Condor Primer

This page is a primer on the Condor High-Throughput Computing System. Below, you will find information about what Condor is, how to connect, and what kinds of work you can do on the system.

What is Condor?

The Condor system is an implementation of the HTCondor job scheduling system available to all RCC users as a free resource.

What is it used for?

Condor is used to run larger batches of jobs that are typically smaller or shorter than jobs submitted to the HPC. These jobs may take minutes or may be as long as days to weeks. When deciding whether to use HPC or Condor (HTC):

  • Use the HPC if you need to run a large, long running parallel batch job as efficiently as possible in a given time-span
  • Use Condor if you need to run a large number of serial batch jobs as efficiently as possible in a given time-span.

Benefits of Condor vs HPC

  • You can run hundreds to thousands of serial jobs at once. * You typically do not need to recompile your code to take advantage of Condor resources.

What Condor cannot do

  • Parallel applications using OpenMP or MPI libraries will not work on our implementation of Condor. Use HPC for these types of applications.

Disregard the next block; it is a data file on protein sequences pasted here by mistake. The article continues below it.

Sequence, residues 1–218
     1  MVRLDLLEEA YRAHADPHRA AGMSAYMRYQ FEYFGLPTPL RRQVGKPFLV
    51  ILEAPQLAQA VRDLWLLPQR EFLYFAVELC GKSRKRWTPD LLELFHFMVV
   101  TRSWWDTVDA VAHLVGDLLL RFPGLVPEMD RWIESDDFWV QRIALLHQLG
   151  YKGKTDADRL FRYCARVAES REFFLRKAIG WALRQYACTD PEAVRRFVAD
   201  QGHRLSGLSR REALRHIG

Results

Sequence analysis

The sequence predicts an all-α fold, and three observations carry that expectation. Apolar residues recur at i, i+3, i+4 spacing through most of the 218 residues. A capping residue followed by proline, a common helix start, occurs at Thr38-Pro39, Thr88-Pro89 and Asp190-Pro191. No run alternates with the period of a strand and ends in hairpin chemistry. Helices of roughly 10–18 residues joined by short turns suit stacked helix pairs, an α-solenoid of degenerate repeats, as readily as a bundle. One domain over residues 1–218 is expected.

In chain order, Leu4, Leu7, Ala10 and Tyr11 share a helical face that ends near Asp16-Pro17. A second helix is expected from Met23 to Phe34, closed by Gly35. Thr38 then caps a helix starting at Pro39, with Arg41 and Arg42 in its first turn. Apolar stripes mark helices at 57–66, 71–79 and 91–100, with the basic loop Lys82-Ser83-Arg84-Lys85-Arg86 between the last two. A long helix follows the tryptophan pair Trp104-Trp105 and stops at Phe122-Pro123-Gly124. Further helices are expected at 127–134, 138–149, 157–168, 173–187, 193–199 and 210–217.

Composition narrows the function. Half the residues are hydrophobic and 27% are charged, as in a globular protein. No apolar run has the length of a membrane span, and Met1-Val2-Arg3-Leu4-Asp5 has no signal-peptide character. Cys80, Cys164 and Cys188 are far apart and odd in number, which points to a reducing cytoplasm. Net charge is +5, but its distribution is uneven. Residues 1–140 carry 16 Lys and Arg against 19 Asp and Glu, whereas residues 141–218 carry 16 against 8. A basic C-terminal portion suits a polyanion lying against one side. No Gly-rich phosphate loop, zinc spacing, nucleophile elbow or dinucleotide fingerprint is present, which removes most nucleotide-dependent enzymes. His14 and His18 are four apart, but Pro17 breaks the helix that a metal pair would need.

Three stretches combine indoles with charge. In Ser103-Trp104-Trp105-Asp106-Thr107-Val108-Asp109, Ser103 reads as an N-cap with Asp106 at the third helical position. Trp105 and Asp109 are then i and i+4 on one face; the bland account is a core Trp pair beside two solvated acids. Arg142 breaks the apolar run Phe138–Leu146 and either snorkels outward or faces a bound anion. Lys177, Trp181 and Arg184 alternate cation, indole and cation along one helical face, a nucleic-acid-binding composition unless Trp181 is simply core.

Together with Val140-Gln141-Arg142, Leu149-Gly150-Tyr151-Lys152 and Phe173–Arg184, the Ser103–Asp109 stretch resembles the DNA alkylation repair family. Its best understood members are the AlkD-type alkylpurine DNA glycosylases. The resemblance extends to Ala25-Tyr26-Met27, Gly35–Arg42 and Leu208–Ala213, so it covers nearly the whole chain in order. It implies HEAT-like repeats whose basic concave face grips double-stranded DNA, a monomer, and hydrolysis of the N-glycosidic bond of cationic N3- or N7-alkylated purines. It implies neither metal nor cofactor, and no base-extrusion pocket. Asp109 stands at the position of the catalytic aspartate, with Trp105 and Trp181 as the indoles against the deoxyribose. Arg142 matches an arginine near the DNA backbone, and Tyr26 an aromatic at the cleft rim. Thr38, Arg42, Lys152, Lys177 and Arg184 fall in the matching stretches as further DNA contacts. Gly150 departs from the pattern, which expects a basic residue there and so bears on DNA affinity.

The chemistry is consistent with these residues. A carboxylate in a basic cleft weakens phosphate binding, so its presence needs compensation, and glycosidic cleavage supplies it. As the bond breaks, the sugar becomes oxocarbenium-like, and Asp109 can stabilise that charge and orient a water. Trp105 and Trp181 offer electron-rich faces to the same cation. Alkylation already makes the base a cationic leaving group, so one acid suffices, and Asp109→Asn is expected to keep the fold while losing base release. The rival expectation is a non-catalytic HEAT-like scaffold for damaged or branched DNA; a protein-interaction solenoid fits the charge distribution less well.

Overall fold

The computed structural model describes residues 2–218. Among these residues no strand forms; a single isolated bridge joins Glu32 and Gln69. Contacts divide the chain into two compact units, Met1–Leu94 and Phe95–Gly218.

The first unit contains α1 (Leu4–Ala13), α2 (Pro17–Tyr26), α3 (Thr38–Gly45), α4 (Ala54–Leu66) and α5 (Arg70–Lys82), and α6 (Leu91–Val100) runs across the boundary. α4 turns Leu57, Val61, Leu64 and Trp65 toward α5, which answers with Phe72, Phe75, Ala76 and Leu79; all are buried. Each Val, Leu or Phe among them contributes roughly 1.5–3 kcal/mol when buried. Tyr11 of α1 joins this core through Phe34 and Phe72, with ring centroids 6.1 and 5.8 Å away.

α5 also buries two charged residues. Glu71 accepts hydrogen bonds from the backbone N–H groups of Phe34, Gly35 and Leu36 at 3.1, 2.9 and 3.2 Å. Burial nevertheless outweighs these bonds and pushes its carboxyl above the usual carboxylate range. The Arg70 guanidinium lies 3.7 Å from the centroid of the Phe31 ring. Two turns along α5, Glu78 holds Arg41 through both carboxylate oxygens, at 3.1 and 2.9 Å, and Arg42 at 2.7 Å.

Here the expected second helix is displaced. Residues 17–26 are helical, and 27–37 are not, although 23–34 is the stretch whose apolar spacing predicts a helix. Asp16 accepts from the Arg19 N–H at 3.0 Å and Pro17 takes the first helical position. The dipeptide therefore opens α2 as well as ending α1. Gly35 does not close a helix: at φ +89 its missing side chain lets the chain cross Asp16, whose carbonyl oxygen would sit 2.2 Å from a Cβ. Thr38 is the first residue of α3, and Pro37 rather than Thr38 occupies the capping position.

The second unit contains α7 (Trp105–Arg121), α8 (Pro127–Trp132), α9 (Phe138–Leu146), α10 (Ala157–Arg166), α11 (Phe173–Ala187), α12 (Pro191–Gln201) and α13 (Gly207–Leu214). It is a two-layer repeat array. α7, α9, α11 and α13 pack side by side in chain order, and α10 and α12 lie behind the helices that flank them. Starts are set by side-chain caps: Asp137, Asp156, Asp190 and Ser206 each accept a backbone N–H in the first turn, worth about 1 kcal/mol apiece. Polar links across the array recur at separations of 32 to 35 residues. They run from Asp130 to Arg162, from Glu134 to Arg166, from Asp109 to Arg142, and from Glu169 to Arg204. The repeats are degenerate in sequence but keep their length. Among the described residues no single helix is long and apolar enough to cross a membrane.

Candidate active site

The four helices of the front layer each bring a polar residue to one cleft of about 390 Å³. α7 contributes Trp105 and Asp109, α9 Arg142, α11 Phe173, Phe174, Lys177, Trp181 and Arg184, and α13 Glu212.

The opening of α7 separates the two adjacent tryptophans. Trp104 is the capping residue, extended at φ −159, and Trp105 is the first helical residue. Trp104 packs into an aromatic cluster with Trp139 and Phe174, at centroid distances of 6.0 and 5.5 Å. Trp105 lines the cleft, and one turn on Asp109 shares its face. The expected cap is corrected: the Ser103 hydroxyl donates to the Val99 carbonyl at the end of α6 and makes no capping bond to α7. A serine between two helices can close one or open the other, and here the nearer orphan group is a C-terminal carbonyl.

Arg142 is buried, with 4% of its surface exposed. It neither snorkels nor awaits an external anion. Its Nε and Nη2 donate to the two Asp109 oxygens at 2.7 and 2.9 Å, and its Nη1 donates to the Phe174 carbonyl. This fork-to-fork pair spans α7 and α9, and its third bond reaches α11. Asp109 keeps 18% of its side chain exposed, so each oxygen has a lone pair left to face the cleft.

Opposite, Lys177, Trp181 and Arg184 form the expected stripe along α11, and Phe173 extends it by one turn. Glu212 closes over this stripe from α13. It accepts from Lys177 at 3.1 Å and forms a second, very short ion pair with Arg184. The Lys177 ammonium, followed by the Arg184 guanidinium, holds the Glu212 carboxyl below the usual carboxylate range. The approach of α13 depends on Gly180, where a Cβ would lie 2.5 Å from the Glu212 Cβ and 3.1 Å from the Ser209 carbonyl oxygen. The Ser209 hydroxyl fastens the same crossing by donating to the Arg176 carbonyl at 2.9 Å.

• Condor is a shared-nothing system, meaning each job has access only to its own memory. Jobs cannot make remote system calls.

For more general information about HPC vs HTC, refer to the official documentation.

Connecting to Condor

To connect to Condor, you will need an RCC Account, and you will need to know how to use an SSH client.

You will also need to connect to the FSU VPN if you are off-campus.

To submit jobs to Condor, connect via SSH to one of the HPC login nodes:


The submit nodes include software that allow you to submit jobs to the Condor queue, compile software for Condor, and use common software available on the system.

Things to Keep in Mind When Using Condor

There are some things to keep in mind about the FSU Implementation of HTCondor:

  • Condor is free for all RCC users. There is no concept of ownership in the Condor system, and all users are given the same level of access to compute resources.
  • Condor utilizes a fair share queuing system. The system will automatically prioritize jobs according to the amount of resources an individual has already used. The more resources an account uses, the lower the priority for that user's future jobs. This ensures all users get access to Condor resources over a period of time.
  • Condor consists of hardware that has been donated or recycled from other RCC systems.

Get Started

  1. Apply for an RCC Account if you do not already have one
  2. Learn how to submit jobs
  3. Learn how to manage jobs